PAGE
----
Other guests had been instructed to bring quail eggs and so with three Ostrich eggs and sixty quail eggs in total, it began to feel as though we participating in some medieval royal feast. We are all fans of runny eggs when they are boiled, and this led to much discussion about cooking times - how to cook an Ostrich egg? All I really knew for sure was that about ninety minutes would ensure a hard boiled ostrich egg. We opted to boil two eggs together, and remove one after 50 mins or so, if it was ready, then fine, otherwise we would use it for scrambling and still have the second egg boiling away to try again. While we waited, some of the quails’ eggs were utilised to provide us with delicious mini fried egg appetizers.
Finally the moment of truth had arrived and the first ostrich egg was removed from the pan. A mortar was found to make the perfect ostrich egg cup. We cut into the top of the egg and... it was cooked to perfection! Firm (but not rubbery) white surrounded the oozing, rich yolk. Seven inch bread soldiers descended from all angles as we all dived in. It was amazing, similar in flavour to hens’ eggs, but much much richer. Our thanks to which ever female laid it (Pompey, Delilah or Molly) - it was a beauty.
It took a good 10 minutes of dunking before the group had managed to do the egg justice. The second egg had still been boiling away almost forgotten - I decided to throw caution to the wind and flipped it onto its side and attacked it with a heavily serrated bread knife, right through the middle. My suspicions were proved correct as this egg was indeed hard boiled, but still a thing of beauty.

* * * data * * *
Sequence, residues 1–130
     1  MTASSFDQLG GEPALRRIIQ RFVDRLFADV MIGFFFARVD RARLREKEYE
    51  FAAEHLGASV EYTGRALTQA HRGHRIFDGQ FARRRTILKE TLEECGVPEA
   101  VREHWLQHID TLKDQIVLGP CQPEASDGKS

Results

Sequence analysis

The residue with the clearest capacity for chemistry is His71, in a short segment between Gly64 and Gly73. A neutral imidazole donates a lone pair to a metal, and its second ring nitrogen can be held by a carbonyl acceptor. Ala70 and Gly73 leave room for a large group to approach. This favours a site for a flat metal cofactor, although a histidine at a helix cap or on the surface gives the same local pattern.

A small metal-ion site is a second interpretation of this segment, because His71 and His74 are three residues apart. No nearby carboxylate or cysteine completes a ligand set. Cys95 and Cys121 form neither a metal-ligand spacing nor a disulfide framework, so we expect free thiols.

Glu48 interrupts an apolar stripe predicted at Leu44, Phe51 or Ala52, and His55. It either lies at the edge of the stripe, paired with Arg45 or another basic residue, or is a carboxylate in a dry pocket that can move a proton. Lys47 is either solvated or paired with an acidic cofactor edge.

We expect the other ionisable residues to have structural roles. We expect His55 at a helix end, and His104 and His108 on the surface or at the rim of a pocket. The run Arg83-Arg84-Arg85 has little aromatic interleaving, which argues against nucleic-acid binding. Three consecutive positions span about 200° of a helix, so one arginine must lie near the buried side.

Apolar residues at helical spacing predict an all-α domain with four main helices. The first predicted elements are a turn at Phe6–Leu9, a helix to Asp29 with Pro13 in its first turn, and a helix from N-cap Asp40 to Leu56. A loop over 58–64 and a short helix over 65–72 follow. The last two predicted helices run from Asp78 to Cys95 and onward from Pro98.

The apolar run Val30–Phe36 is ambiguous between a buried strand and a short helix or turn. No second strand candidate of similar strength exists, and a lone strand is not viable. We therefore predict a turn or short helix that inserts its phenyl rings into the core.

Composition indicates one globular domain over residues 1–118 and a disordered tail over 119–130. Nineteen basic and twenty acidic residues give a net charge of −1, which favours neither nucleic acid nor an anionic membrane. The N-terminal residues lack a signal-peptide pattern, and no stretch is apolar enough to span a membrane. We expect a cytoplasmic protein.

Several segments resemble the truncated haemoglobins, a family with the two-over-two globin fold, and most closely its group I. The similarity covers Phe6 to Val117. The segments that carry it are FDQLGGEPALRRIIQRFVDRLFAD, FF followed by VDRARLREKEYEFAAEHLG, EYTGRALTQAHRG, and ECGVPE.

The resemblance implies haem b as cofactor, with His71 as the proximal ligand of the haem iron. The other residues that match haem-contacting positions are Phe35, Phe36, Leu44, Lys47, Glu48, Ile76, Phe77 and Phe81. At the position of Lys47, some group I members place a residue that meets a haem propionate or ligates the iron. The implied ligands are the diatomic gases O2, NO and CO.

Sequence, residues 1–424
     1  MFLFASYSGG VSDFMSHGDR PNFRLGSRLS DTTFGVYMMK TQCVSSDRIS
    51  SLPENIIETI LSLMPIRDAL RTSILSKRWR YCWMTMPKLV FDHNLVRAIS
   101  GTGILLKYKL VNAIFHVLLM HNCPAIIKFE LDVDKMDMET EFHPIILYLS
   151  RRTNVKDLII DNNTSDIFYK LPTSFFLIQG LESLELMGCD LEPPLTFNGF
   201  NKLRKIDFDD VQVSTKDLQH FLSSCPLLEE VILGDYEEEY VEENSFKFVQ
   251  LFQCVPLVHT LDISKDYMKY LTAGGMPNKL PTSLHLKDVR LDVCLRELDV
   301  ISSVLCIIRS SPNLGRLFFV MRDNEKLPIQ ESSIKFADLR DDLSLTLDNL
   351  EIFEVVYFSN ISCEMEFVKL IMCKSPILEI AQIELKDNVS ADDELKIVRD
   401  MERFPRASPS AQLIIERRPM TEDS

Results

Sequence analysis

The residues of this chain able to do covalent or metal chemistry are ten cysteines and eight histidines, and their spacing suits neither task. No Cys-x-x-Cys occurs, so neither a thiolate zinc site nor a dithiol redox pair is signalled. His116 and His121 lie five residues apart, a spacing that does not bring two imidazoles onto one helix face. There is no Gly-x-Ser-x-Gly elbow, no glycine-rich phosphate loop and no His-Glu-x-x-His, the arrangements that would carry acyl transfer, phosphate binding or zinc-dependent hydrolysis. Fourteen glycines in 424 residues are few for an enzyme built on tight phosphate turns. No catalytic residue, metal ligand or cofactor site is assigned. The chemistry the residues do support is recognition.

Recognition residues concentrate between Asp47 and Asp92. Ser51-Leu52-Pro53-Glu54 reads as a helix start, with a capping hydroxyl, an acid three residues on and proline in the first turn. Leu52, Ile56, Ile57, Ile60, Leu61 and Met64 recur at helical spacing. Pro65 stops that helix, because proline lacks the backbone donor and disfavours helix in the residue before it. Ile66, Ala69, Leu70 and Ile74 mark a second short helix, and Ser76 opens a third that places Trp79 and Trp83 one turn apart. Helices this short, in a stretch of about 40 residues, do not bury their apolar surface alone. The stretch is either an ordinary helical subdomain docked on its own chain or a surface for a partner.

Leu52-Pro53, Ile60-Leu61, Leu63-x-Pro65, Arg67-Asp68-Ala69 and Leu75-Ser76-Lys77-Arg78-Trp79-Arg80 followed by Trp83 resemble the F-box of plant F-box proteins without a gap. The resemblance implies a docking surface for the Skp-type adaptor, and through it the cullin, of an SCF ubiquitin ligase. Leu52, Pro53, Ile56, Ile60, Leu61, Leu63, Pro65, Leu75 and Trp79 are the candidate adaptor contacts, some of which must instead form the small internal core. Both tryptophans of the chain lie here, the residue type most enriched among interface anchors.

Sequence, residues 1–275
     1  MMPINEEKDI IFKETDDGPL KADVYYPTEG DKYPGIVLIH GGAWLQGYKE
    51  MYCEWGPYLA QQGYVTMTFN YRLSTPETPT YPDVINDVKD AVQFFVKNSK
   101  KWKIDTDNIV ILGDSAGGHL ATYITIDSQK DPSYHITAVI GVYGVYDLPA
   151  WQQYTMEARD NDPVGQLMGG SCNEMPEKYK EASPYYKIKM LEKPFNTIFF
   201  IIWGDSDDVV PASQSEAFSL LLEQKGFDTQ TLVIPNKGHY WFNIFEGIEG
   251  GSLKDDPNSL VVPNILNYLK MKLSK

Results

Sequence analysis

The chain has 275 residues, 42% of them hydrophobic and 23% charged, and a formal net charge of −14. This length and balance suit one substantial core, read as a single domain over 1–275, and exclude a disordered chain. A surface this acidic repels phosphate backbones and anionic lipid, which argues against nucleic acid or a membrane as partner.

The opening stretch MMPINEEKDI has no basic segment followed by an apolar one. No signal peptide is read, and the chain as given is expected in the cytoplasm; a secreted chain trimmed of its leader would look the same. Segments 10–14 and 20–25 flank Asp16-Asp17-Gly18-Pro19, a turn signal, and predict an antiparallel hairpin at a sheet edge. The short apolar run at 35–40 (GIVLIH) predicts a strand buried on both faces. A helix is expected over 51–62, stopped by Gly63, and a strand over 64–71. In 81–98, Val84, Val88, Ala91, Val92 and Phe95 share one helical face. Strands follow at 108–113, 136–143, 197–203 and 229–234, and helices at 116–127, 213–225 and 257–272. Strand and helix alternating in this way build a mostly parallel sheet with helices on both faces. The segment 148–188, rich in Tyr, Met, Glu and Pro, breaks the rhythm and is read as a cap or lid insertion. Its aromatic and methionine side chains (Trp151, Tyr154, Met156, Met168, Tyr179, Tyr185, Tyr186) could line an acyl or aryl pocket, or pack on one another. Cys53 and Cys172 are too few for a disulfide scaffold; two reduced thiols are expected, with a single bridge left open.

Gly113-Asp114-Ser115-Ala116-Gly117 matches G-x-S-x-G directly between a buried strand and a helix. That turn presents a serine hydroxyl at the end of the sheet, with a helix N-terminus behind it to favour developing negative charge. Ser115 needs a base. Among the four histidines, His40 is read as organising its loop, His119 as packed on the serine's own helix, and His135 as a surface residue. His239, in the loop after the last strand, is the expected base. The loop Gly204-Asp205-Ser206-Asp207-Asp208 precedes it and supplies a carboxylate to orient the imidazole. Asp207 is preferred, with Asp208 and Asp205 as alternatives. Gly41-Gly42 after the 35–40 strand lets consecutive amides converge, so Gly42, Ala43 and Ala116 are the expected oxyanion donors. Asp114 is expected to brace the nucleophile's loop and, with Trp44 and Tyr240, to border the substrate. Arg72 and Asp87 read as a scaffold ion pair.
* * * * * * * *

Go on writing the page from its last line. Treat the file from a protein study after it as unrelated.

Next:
With a third egg still to contend with and those deceptively filling quail eggs appearing from the stove in both fried and boiled format now, we decided to wrap the two hard boiled halves in cling film and refrigerate for a later date. Perhaps an egg mayo to end all egg mayos?
Now to our third and final Ostrich egg. Some argued for scrambling but we felt that it would be a visual travesty not to try and instil in our memories the image of a giant fried egg. This would be no easy feat as the Ostrich shell is not easy to get into. I had read that drills are utilised in many cases but we were ill-equipped. With only a hammer and a screwdriver I delicately tried to form a smooth hole without damaging the yolk sack inside. With the tools and my lack of expertise it had none of the delicate finesse of advanced neurosurgery, indeed, I could not help but think back to history lessons at school that fascinated me with descriptions of Neanderthal trepanning. As the contents dropped into the pan there was a couple of seconds of absolute silence as we all crowded round to see if the yolk held its shape. It did, and not only that, it went on to form the most perfect of fried eggs that one can wish for. The white must have been about 3cm deep and was a meal in itself (particularly after we added a few quails eggs to fry within it). The yolk was wide and rounded, an almost a sun-like centre to a calorie filled, yet ever so tasty solar system mix of albumen and quail egg planets. There were only a few stalwarts still able and willing to consume by now. But it was worth the effort. We are already discussing which baker would able to supply as with a giant loaf next year for the fried egg sandwich to cure even the most monster of hangovers!
South East London Egg Day is not something to be recommended to everyone, especially those with high blood pressure, a history of heart trouble or ovophobics, but it is an enjoyable, sociable day and it never did Mr Strong any harm!